The analysis of sustainable adaptation strategies mainly occurs in research that focuses on the Global South (cf. Chapman and Darby 2016; Hilde et al. 2016; Chinokwetu and Togo 2018; Islam and Managi 2018; Brouziyne et al. 2018; Akhtar et al. 2020; Islam et al. 2021; Mamun et al. 2021; Singh and Singh 2021). It is used to analyze issues such as smallholder agriculture (Bargout 2012) or the potential of agritourism for farmers (Mahaliyanaarachchi et al. 2019), as well as more theoretical questions of human security (Owuor et al. 2012; Taylor 2013), justice (Eriksen and Marin 2014), and adaptive capacity (Eakin et al. 2014).

Tourism is another field that has seen a considerable interest in the notion of sustainable adaptation, as part of the efforts of theorizing what sustainable tourism looks like in the context of climate change (Luthe et al. 2008; Njoroge 2014, 2015; Njoroge et al. 2020; Kaján 2014; Valdivia and Barbieri 2014; Mahaliyanaarachchi et al. 2019).

It is interesting to note that the concept of sustainable adaptation is applied across topics and disciplines that have very different theoretical and ethical commitments. For instance, it is used to analyze more technical and managerial- and engineering-oriented topics such as coastal science and flood protection (cf. van Loon-Steensma and Schelfhout 2017; Bonnett and Birchall 2020; Koch 2020; Marijnissen et al. 2020), water resource protection (Guo et al. 2020), hydropower (Ochieng et al. 2019), and risk management (Singh et al. 2019). On the other hand, it is used in more human-centered fields and traditions, such as in the context of local, traditional, and Indigenous knowledge (cf. Mekonnen et al. 2021; Boogaard et al. 2020; Korovulavula et al. 2020; Akinbami et al. 2016), local and Indigenous communities (Rahman et al. 2021; McNeeley 2017), gender relations (Roy Chaudhuri 2022), and research designs focusing on the individual and household levels (Fasina et al. 2021; Wamsler and Brink 2014, 2018).

d. Characteristic 2: Geographical context

Articles that discuss sustainable adaptation have tended to do so in the context of either the Global South or the Global North, with an equal distribution between these two geopolitical contexts. More recently, the concept of sustainable adaptation has been applied in research that spans both (cf. Eriksen 2009, 2010; Eriksen and Brown 2011; Eakin et al. 2014; Madzivhandila et al. 2021; Rahman et al. 2021; Bezner Kerr et al. 2022). This reflects a trend toward a more geographically integrated approach to adaptation that calls for “a balancing act between developed and developing countries” (Madzivhandila et al. 2021) and explicitly engages in discussions on the relationships between these geopolitical contexts.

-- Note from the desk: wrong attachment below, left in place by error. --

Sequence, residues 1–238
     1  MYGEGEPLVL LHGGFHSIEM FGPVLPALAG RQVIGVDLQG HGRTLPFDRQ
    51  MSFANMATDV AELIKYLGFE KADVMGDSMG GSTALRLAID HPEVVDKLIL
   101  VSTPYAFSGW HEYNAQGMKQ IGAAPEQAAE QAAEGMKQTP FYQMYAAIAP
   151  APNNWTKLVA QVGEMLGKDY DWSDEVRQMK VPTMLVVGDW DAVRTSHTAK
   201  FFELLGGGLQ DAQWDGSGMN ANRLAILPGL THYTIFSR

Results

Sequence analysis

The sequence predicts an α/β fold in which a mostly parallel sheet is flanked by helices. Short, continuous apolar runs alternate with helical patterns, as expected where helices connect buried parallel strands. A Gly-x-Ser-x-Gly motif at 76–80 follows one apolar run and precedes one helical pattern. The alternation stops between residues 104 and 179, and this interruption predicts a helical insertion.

Efforts to address the interrelated and global character of climate change adaptation were initiated by social scientists such as S. Eriksen and K. Brown, for instance, through their 2011 special collection on sustainable adaptation. The special collection sought to address what was perceived as a shortcoming in adaptation research: “that is, the tendency to consider adaptation in developing and developed countries as very separate issues, when human responses are in fact closely interlinked through their direct and indirect effects on other groups and regions” (Eriksen and Brown 2011, p. 3). The works included in the special collection therefore largely discuss sustainable adaptation in the context of global power structures and social justice.

The concept of sustainable adaptation is discussed in different contexts and across scales. There is a tendency for studies that employ the concept to have a main focus on the local and regional scales, including adaptation of households and individuals (see, e.g., Birkmann et al. 2016; Lei et al. 2017; Rosenzweig et al. 2018). This trend reflects the mainstream assumption within both research and policy that climate change adaptation is an inherently localized activity. Thus, while climate change is perceived as a global phenomenon, the need for adapting to the effects of climate change is perceived as being situated within the local area (municipalities, households, etc.) (e.g., Glover and Granberg 2020). While climate change adaptation studies span multiple scales, only a few studies include several scales in the analysis of sustainable adaptation, such as Vincent et al. (2013), who analyzed how local and national adaptation policies can jointly support sustainable adaptation.